Soy products such as soymik and cheese contain an element known as** genistein.** The presence of genistein gives soy products their collagen production qualities, as well as helping to block enzymes that tend to break down and age the skin. Just about any soy product contains enough genistein to be helpful, including soy products that have been developed as substitutes for meat products.
Dark green vegetables are also excellent examples of food containing collagen producing agents. Add drak green leafy veggies such as spinach, cabbage and kale to your diet every day. They are packed with an antioxidant called** lutein.** You need 10 mg to get results - which equates to about 4oz. of spinach or 2oz. of kale. Recent French research suggests this will boost skin hydration and elasticity, fighting wrinkles. Rich in** Vitamin C,** regular consumption of kale, spinach,collards, and asparagus help to strengthen the body’s ability to manufacture collagen and to utilize the protein effectively.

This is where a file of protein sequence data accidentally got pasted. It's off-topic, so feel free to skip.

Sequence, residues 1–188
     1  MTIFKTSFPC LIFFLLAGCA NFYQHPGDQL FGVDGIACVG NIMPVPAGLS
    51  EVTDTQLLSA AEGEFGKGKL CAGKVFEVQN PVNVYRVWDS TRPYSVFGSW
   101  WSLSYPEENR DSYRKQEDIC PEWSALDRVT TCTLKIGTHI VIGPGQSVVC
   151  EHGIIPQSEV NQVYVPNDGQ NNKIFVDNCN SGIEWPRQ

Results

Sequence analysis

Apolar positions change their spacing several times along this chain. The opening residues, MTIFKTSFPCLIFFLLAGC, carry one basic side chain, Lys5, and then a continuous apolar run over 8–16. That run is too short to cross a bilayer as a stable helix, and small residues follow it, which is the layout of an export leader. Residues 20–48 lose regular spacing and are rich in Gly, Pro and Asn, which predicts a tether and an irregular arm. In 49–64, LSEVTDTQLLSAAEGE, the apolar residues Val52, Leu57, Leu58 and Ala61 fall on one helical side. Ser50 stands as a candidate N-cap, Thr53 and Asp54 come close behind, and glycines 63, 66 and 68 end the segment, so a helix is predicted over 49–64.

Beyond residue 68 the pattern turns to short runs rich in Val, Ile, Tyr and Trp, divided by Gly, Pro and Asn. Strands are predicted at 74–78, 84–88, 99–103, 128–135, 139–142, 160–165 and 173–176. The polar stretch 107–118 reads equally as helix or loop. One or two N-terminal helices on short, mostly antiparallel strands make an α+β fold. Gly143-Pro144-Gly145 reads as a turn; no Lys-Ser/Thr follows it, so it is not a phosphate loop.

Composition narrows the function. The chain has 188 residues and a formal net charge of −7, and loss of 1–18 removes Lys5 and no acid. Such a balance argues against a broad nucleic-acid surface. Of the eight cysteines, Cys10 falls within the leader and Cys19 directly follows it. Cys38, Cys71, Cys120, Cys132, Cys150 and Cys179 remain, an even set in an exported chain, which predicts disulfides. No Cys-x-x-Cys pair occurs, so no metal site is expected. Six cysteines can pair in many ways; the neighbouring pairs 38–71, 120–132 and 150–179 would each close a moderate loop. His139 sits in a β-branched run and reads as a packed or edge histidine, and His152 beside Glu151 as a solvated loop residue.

Beans help your body produce a vital anti-ageing substance called** hyaluronic acid.** Aim for at least two tablespoons of beans each day - broad or butter beans make a great substitute for mashed potatoes.
Red fruits and vegetables also are excellent sources to up the collagen content of foods in the diet. The presence of** lycopenes** l in these types of foods helps to act as antioxidants, which in turn increases collagen production. Try adding red peppers, beets, and fresh or stewed tomatoes to the diet. Also include sweet potatoes, carrots and more. Research from Dr Ronald Watson at the University of Arizona has found that the antioxidants in red, yellow and orange foods build up under the skin creating extra UV protection. “The effect is so strong that eating six portions a day for about two months will build a natural barrier equivalent to a factor four sunscreen,” says Dr Watson.